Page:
Fact Check

Did Trump Once Evict a Disabled Vet for Owning a Therapy Dog?

Multiple properties bear the Trump name, but that doesn't necessarily mean they are operated by Donald Trump.

Published Nov 11, 2019

Sweet little shih tzu dog bitch posing for her pet portrait! (Getty Images/Stock photo)
Sweet little shih tzu dog bitch posing for her pet portrait! (Image Via Getty Images/Stock photo)
Donald Trump once evicted a disabled combat veteran for owning a small therapy dog.

On Veteran's Day 2019, an inaccurate tweet that accused U.S. President Donald Trump of once having attempted to evict a disabled veteran from a New York City property called Trump Village for owning a service dog drew outraged responses:

A residential property bearing Trump's name in New York's Coney Island did try to evict Eugene Ovsishcher, an Afghanistan veteran, in 2012 because the housing complex had a no-dogs policy. Upon the advice of his doctors, Ovsishcher had obtained a service dog named Mickey, a Shih Tzu that helped him cope with post-traumatic stress disorder. Months later, the co-op board tried to evict Ovsishcher for having the dog, even though he possessed documentation from his doctors showing that the dog was a service animal.

In January 2015, the U.S. Department of Housing and Urban Development (HUD) intervened, accusing Igor Olberman, who was at that time the president of the Trump Village co-op board, with violating the Fair Housing Act for failing to allow disabled residents to keep service animals. The resulting settlement reached between HUD and the co-op board noted that the housing complex was "owned by shareholders, most of whom are residents of the building."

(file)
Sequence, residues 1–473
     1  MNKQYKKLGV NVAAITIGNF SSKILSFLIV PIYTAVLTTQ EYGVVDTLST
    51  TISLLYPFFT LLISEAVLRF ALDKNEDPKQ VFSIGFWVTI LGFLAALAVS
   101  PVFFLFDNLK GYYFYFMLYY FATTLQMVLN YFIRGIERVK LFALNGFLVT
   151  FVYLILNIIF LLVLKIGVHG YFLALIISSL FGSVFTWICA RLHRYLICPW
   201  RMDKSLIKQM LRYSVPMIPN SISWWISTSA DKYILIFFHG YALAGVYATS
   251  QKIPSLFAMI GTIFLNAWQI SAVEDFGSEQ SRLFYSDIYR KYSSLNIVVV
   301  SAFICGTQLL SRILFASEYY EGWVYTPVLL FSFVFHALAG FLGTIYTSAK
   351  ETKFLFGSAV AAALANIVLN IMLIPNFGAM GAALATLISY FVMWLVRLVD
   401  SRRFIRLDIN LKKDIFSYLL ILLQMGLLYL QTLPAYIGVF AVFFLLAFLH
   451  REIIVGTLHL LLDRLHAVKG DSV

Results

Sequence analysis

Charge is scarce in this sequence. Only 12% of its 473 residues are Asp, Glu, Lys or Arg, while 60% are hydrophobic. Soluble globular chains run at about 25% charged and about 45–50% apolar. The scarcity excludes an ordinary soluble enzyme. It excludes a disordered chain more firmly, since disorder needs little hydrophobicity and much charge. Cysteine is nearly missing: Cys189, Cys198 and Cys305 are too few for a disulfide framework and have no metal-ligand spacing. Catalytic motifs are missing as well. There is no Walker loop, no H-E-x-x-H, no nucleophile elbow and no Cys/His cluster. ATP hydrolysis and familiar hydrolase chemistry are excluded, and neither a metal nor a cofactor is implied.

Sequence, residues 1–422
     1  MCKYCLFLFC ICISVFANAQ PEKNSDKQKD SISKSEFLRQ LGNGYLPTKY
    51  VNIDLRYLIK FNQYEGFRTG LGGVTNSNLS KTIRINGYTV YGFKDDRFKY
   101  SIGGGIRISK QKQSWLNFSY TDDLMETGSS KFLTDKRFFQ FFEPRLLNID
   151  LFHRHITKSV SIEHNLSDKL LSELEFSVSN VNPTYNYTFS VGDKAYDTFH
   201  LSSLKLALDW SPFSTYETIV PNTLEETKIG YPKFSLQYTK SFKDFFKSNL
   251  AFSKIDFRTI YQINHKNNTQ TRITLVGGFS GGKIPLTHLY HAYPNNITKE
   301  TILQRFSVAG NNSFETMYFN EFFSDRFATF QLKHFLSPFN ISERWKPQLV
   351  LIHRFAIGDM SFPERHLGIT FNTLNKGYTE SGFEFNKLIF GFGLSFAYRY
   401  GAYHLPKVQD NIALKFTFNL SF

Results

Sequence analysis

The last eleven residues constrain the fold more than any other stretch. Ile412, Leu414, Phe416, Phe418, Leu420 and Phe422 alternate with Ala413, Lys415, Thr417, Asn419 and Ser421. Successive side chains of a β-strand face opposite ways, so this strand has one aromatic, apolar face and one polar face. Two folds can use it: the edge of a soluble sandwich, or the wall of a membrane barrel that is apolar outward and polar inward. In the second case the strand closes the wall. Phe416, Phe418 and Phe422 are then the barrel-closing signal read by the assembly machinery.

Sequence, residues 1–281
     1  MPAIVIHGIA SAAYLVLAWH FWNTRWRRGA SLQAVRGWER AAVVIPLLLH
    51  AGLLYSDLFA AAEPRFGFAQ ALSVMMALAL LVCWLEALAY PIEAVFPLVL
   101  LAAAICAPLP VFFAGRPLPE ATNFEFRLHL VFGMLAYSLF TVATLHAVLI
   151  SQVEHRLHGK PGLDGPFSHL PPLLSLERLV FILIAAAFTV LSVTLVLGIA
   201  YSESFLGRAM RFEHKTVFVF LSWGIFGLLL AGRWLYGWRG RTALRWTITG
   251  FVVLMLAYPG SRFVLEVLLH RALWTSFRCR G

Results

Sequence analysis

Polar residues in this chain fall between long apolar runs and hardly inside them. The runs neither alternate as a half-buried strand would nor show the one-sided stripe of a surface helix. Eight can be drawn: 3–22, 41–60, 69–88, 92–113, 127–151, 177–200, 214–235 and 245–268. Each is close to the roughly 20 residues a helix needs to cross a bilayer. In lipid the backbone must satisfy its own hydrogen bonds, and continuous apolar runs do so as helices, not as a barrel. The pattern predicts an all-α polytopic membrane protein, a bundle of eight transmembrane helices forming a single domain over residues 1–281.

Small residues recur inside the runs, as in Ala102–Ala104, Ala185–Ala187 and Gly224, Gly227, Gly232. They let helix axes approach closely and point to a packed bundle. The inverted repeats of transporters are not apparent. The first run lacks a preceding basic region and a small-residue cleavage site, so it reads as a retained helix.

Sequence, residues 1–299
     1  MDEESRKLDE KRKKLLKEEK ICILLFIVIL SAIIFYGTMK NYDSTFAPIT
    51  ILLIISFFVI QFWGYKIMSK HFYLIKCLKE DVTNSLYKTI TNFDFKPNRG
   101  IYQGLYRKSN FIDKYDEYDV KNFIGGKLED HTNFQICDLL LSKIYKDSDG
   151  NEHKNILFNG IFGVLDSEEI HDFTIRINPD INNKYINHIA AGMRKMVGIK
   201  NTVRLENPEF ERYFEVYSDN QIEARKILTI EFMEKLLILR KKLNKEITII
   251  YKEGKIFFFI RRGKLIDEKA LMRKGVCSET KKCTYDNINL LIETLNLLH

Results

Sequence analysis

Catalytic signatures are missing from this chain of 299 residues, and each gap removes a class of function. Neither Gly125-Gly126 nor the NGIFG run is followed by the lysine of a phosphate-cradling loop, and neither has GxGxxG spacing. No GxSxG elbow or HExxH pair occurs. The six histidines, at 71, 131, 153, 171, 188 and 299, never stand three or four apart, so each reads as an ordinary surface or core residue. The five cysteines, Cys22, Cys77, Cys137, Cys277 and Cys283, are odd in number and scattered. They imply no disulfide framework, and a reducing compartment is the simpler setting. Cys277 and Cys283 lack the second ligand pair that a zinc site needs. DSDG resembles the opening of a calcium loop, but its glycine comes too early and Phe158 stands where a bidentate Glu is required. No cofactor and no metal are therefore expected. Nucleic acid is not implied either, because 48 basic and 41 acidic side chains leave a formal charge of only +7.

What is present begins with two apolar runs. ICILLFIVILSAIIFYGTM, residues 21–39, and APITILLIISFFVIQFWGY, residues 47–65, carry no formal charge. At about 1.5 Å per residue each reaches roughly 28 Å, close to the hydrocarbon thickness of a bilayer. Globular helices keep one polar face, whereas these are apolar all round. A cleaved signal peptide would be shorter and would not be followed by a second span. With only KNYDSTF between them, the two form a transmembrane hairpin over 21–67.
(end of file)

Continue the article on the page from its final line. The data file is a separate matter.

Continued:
The settlement stipulated that although Trump Village has since changed its policy and begun allowing residents to keep pets, it must allow reasonable accommodations for service animals should it ever revert to its previous policy and again disallow animals. Ovsishcher not only got to keep Mickey, he was also paid $15,000 by Trump Village as reimbursement for legal fees he incurred, according to the agreement.

Thus the situation has not only been resolved, but it had nothing to do with Donald Trump. In 2015, the co-op board settled the case, allowing Ovsishcher to keep Mickey. And while the Trump Village complex where Ovsishcher lived may have been built by Donald Trump's father in 1964, the Trumps sold the property in 2003, long before dispute with Ovsishcher began. We are therefore labeling this claim "False."


Berger, Joseph. "Taking His Doctor’s Advice Could Cost a Combat Veteran His Apartment."   The New York Times. 28 May 2012.

Murphy, Doyle. "HUD Enters Coney Island Dog Fight Between Vet and Trump Co-op."   [New York] Daily News. 10 January 2010.

Bethania Palma is a journalist from the Los Angeles area who started her career as a daily newspaper reporter and has covered everything from crime to government to national politics. She has written for ... read more